Cover image for Sophie and Rose
Sophie and Rose
Lasky, Kathryn.
Personal Author:
First U.S. edition.
Publication Information:
Cambridge, Mass. : Candlewick Press, [1998]

Physical Description:
1 volume (unpaged) : color illustrations ; 28 cm
After she discovers an old doll that had belonged to her mother and her grandmother, Sophie grows to love the doll more and more even though she is missing some hair, gets chocolate-stained, and loses an eye.
Program Information:
Accelerated Reader AR LG 4.4 0.5 22554.
Format :


Call Number
Material Type
Home Location
Orchard Park Library PIC. BK. Juvenile Fiction Picture Books

On Order



Collection of Indonesian law and regulations on investment and small-middle scale industries.

Author Notes

Kathryn Lasky was born in Indianapolis, Indiana on June 24, 1944, and knew she wanted to be a writer from the time she was ten. She majored in English in college and after graduation wrote for various magazines and taught. Her first book, I Have Four Names for My Grandfather, was published while she was teaching.

She has written more than seventy books for children and young adults on everything from historical fiction to picture books and nonfiction books including the Dear America books and the Guardians of Ga'Hoole series. Many of her books are illustrated with photographs by her husband, Christopher Knight. She has received many awards for her titles including Sugaring Time which was a Newberry Honor Book; The Night Journey which won the National Jewish Book Award for Children; Pageant which was an ALA Notable Children's book; and Beyond the Burning Time which was an ALA Best Book for Young Adults. She has also received the Washington Post's Children's Book Guild Award for her contribution to children's nonfiction. She lives in Cambridge, Massachusetts.

(Bowker Author Biography)

Reviews 3

Booklist Review

Ages 4^-8. Sophie finds an old doll, Rose, in the attic. Sophie and Rose become inseparable, and the longer they are together, the more mishaps come Rose's way. When Sophie tries to comb Rose's hair, clumps come out; Rose falls off a sill, where Sophie has placed her, and chips her nose; she is placed facedown in melting chocolate, which gets into the cracks of her cheeks. But for every calamity that befalls Rose, Sophie just loves her more. Lasky captures the special love that can bond a child and a doll, but it is Halperin's deliciously detailed pictures that expand the story beyond its natural boundaries. Using blocks of pictures, Halperin tells little stories within stories that go beyond the little half-moons of text on every page. The artistic style incorporates both delicacy--roses entwining borders--and verve, as Sophie does all sorts of real girl things, such as camping out and rummaging around the attic. A book that any doll lover will want to look at over and over. --Ilene Cooper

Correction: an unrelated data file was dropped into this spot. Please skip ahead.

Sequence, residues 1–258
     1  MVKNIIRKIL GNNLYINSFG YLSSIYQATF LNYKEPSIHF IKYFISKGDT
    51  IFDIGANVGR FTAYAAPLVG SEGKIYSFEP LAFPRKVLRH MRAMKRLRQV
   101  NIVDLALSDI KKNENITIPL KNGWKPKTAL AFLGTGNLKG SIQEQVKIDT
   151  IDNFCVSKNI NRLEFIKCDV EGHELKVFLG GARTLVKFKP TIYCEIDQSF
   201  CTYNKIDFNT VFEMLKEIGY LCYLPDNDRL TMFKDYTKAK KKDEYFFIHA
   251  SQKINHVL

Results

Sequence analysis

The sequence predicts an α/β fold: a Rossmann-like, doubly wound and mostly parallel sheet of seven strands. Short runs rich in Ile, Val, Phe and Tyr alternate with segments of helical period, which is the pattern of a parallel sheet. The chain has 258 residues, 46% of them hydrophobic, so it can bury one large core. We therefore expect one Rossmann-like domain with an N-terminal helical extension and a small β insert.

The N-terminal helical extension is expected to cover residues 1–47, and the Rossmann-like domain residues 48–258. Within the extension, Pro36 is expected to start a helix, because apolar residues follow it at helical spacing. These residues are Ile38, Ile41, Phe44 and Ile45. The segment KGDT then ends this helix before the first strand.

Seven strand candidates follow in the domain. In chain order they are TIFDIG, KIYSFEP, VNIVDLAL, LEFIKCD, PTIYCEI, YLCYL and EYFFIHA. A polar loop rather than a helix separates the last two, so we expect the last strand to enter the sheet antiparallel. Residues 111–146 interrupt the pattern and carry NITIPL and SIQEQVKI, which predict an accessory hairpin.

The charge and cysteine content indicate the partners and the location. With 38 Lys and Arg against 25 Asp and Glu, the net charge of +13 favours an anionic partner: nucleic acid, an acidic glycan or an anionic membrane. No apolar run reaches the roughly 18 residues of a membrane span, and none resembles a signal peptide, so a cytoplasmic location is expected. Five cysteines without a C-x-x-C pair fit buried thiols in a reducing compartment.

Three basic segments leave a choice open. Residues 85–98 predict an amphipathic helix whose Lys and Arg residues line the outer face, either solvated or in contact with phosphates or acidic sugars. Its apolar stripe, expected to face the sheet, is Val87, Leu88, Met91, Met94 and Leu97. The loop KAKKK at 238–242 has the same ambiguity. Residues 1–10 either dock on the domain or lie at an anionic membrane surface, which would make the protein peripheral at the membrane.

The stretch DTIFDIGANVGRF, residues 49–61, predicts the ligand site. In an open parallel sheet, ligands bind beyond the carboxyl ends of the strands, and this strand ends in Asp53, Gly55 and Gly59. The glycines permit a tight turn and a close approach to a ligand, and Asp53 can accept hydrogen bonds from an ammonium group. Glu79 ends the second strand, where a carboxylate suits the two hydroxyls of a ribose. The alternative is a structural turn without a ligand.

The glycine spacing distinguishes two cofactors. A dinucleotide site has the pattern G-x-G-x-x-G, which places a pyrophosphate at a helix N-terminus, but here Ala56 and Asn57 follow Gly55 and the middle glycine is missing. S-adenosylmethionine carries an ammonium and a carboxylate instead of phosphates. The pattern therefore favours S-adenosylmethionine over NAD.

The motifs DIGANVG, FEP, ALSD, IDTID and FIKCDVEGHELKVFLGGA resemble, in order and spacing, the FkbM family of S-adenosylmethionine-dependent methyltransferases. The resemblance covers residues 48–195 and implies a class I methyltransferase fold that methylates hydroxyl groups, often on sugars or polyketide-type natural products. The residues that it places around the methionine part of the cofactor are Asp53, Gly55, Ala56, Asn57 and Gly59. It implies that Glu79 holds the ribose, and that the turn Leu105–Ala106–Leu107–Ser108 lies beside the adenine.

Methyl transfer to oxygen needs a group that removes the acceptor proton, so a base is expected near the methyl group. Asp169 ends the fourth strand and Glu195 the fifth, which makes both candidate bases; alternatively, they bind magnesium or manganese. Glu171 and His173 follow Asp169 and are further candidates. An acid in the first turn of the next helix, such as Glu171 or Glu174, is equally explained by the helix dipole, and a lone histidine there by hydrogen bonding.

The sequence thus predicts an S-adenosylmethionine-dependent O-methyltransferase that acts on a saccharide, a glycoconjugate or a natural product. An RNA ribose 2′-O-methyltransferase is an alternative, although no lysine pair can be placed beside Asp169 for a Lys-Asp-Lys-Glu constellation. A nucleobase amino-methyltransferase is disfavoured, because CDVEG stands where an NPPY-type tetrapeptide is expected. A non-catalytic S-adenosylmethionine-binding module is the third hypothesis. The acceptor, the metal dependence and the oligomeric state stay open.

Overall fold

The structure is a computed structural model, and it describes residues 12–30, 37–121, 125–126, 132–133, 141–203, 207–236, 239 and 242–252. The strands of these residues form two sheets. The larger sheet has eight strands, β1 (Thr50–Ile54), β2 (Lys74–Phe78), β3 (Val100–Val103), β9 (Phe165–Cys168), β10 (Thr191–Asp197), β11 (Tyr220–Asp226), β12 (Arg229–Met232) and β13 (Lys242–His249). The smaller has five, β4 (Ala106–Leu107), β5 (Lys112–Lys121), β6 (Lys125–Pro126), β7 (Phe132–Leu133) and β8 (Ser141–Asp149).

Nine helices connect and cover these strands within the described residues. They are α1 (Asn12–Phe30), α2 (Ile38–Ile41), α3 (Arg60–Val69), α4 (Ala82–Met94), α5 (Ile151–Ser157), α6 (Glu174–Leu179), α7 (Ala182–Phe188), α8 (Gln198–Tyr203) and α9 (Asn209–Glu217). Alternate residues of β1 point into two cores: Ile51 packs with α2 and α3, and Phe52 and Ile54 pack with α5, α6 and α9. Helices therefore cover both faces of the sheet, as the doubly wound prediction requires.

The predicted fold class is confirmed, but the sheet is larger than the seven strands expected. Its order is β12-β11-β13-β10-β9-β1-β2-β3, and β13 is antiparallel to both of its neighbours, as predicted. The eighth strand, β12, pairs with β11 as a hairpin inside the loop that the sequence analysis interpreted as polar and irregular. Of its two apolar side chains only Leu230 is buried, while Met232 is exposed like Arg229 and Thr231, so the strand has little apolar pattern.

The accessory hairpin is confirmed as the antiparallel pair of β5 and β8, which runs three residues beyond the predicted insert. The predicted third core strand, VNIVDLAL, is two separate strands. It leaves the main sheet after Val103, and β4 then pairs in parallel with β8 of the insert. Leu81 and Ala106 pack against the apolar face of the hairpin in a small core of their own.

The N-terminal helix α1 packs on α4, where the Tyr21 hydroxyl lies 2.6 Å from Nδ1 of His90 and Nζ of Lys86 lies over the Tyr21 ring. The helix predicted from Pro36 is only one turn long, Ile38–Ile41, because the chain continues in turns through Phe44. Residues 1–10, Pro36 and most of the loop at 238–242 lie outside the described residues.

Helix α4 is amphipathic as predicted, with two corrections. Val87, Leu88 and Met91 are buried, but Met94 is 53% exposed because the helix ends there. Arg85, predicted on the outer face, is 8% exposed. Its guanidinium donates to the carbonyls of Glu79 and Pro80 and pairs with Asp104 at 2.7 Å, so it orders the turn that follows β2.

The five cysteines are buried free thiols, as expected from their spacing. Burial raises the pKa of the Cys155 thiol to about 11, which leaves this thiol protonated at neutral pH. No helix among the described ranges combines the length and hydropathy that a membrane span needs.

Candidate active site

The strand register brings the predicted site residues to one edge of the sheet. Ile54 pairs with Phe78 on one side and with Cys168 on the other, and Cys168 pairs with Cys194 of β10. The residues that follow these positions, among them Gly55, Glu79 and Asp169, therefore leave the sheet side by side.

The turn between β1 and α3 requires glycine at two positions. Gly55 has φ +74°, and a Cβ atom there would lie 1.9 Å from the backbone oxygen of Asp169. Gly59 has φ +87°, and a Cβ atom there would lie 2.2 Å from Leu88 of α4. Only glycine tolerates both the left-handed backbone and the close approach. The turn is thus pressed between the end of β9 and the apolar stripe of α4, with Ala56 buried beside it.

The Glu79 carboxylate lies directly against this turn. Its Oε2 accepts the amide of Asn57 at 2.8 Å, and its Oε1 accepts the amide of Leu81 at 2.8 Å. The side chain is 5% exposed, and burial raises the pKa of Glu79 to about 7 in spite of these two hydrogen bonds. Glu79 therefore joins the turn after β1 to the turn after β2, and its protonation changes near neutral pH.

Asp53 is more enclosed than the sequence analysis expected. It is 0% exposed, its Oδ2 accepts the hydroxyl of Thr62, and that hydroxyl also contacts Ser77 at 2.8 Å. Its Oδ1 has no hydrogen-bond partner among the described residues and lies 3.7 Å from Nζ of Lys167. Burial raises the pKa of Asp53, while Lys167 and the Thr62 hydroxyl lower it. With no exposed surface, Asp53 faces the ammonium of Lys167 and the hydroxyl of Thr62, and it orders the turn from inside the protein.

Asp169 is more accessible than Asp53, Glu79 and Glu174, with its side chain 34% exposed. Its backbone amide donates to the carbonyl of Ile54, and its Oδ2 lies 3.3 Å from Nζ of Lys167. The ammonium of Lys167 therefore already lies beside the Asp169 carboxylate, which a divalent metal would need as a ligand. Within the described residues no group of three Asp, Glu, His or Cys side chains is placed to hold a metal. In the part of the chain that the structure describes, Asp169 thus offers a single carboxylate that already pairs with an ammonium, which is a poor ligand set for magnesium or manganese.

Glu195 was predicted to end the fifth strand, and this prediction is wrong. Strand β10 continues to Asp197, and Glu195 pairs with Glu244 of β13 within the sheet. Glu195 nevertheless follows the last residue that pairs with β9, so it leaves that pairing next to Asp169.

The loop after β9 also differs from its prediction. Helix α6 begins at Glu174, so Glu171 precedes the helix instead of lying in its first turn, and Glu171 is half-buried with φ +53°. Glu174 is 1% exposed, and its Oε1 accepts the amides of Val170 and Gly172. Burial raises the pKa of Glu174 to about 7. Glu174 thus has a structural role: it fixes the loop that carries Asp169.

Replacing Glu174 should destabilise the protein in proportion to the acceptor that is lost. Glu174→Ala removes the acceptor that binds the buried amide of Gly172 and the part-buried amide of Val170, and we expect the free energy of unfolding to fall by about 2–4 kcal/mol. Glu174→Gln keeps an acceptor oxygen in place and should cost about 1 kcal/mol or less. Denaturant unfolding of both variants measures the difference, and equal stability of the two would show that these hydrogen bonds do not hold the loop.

Publisher's Weekly Review

Sophie is overjoyed to discover Rose, a doll who has been in the family for two generations and is "so old-fashioned that she seemed like a visitor from another time." Sophie soon learns that Rose is fragile: when Sophie combs the doll's hair, a chunk falls out; a fall from a precarious perch chips Rose's nose; and when Sophie leaves her in the garden overnight, she loses an eye. Poor Rose is quite a sight by the book's end, but the doll's vulnerability endears her to Sophie all the more, and the two become inseparable: "[Sophie] knows she will always love her Rose, who listens with her seashell ears... and who was so brave through the long garden night." Moving but never sentimental, Lasky's (Marven of the Great North Woods) text proves the poetic power of simple, straightforward language, while Halperin's (Once Upon a Company) watercolors possess an old-fashioned quality with a muted palette and classic fabric and wallpaper patterns. The artist frequently breaks up the action into a series of freeze-frames that expand the action beyond the text (showing, for example, how Sophie inadvertently leaves Rose behind in the garden). An uplifting affirmation that beloved toys and imaginative play stand the test of time. Ages 4-8. (Oct.) (c) Copyright PWxyz, LLC. All rights reserved

School Library Journal Review

K-Gr 3-Sophie finds an old doll that once belonged to her mother and grandmother and names her Rose. The doll's hair is thinning and her dress is threadbare, but the girl loves her and takes her everywhere. Later, Rose falls from a shelf and chips her nose and some of her stuffing falls out. On a camping trip she's stained with chocolate and loses an eye when left out overnight. Through it all, Sophie loves her more and more. Lasky's writing is solid but there's not much of a story here. The saving grace is Halperin's watercolor-and-pencil artwork; done in soft colors with lots of flowers and patterns, the paintings have an antique look that creates a soft, warm atmosphere. The text appears in half-moons at the bottom of the pages. The full-page illustrations alternate with small vignettes that show Sophie playing with her doll, reading to her, and taking her on bike rides. Lacking a story line, the book is more a reflection of a loving relationship heightened by artwork that visually reinforces the pair's closeness. It might appeal to young girls who have a favorite doll and those older girls who remember a special friend.-Judith Gloyer, Milwaukee Public Library (c) Copyright 2010. Library Journals LLC, a wholly owned subsidiary of Media Source, Inc. No redistribution permitted.

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